JWR Outlook

Jewish World Review Jan. 14, 2003 / 11 Shevat, 5763

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A sober perspective

http://www.jewishworldreview.com | A recovering alcoholic said, "I naively expected that when I stopped drinking, everything would go smoothly. This was not the case, and I had many setbacks. But eventually I recognized a pattern: Every setback was a prelude, and sooner or later was followed by something good. Now, when something bad happens, I get excited about the good that is going to come about, and I can't wait to see what it is." This is a sound philosophy, but sometimes we can see this only in retrospect.

We spent one Sabbath with our children, returning home at the close of the day. When we set out the next day for several lectures I was to deliver, I discovered that I had left my wallet at our children's home, and there was no way to retrieve it until nighttime. My wife did the driving, and after the first lecture, we went to a restaurant for lunch. As we entered the restaurant I asked my wife whether she had any money, because I did not have my wallet. It turned out that she had only taken along her driver's license, and since we did not have money to pay for lunch, we returned to the car hungry.

We then began to think whether we had any acquaintances in the neighborhood where we could get a cup of coffee to hold us through the rest of the day. My wife remembered that a friend of hers, Debra, used to live in the neighborhood, but since she had not been in touch with her for seven years, she did not know whether she was still living here. We contacted "information" via our cellular phone, and Debra indeed still lived here, and a call to her resulted in a warm invitation.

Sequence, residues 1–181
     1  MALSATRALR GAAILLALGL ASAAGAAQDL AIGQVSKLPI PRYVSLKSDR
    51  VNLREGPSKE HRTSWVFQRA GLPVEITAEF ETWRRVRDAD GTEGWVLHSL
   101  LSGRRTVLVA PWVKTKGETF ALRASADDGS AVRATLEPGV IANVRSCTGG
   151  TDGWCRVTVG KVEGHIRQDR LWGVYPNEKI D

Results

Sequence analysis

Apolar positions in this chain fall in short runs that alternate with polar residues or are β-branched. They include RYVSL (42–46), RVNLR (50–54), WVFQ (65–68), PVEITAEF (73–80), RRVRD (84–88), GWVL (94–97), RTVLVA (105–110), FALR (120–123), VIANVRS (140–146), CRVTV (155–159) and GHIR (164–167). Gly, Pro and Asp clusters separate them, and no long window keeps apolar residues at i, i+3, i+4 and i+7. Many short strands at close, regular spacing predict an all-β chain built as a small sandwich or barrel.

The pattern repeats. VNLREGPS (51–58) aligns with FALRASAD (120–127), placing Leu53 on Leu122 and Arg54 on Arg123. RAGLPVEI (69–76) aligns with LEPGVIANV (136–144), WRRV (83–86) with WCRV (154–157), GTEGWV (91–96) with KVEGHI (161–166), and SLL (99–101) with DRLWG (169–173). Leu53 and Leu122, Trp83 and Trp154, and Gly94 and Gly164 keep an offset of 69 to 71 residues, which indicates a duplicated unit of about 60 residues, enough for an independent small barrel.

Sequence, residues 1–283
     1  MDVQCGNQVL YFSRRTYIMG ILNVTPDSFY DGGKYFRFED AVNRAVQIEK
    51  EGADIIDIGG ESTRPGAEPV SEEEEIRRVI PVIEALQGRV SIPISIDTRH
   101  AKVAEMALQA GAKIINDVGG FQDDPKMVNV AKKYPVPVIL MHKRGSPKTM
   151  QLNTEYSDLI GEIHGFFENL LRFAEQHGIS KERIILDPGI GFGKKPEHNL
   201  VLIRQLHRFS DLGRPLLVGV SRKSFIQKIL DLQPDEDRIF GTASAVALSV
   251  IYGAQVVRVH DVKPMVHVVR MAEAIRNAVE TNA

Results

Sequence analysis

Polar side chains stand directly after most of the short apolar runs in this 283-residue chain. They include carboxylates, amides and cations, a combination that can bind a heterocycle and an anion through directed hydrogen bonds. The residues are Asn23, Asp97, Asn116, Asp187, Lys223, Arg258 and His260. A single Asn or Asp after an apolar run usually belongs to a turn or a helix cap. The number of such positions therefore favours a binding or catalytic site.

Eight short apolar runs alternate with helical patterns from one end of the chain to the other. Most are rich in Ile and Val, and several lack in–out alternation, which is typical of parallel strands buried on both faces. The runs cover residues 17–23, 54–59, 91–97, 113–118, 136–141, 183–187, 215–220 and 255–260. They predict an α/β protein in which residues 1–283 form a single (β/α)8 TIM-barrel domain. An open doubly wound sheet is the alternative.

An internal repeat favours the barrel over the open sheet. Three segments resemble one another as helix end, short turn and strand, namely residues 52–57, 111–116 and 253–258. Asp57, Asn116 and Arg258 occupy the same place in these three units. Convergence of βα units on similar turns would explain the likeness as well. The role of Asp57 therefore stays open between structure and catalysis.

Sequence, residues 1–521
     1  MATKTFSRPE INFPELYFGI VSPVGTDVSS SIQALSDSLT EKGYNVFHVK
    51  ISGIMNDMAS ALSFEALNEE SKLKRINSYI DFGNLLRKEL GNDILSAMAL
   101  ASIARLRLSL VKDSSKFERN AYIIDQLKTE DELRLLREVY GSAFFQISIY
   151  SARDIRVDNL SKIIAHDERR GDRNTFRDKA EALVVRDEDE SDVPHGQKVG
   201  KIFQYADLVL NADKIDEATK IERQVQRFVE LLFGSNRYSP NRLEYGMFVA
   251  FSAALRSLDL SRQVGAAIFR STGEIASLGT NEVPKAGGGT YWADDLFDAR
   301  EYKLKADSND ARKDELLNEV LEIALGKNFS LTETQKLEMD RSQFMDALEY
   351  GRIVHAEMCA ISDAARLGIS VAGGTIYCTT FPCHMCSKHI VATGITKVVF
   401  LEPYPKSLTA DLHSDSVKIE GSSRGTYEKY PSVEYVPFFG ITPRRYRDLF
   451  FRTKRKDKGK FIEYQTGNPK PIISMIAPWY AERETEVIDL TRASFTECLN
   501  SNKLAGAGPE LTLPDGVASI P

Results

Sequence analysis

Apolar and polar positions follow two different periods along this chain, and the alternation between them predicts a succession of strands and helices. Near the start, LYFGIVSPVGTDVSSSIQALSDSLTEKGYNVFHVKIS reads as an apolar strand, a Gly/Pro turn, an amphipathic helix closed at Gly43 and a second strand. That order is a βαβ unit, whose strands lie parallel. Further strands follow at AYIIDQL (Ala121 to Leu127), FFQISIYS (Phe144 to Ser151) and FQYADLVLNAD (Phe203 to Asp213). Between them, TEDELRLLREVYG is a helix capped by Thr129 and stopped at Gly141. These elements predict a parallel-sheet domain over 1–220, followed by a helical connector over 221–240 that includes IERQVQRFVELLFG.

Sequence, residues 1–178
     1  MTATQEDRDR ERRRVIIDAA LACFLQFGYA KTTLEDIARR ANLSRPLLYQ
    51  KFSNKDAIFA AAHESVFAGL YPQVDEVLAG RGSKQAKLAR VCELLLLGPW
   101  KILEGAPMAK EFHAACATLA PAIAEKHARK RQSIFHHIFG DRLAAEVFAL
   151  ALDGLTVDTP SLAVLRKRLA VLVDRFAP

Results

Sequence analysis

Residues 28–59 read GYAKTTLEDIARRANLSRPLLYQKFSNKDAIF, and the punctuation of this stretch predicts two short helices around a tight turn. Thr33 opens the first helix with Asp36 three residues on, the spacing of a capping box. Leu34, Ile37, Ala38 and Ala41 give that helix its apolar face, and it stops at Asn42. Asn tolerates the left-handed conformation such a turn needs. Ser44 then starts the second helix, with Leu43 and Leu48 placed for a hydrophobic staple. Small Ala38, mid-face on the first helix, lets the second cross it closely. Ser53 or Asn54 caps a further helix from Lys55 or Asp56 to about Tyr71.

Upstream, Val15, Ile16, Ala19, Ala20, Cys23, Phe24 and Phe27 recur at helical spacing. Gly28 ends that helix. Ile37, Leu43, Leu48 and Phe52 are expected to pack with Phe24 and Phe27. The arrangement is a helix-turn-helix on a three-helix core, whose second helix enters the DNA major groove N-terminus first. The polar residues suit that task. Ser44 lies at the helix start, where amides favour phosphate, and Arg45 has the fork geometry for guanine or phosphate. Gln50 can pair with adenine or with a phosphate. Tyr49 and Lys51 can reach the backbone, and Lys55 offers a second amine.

Debra quickly whipped up a lunch, and the two friends chatted for an hour, renewing a beautiful friendship which had been neglected, and promising to stay in close touch hereafter.

Earlier in the day we had been very upset by the absence of a wallet, but just look at the benefits that resulted!

Abraham J. Twerski, M.D. is a psychiatrist and ordained rabbi. He is the founder of the Gateway Rehabilitation Center in Pittsburgh, a leading center for addiction treatment. An Associate Professor of Psychiatry at the University of Pittsburgh School of Medicine, he is a prolific author, with some 30 books to his credit, including It's Not As Tough As You Think: How to smooth out life's bumps, from which this was excerpted (Sales of this book help fund JWR). Send your comments by clicking here.

© 2002, Mesorah Publications, Ltd.